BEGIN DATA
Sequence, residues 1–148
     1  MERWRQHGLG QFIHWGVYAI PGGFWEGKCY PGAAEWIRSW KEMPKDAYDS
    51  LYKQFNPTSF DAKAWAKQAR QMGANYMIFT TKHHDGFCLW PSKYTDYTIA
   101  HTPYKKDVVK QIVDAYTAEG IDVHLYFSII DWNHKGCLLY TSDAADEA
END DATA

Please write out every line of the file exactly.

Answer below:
Sequence, residues 1–148
     1  MERWRQHGLG QFIHWGVYAI PGGFWEGKCY PGAAEWIRSW KEMPKDAYDS
    51  LYKQFNPTSF DAKAWAKQAR QMGANYMIFT TKHHDGFCLW PSKYTDYTIA
   101  HTPYKKDVVK QIVDAYTAEG IDVHLYFSII DWNHKGCLLY TSDAADEA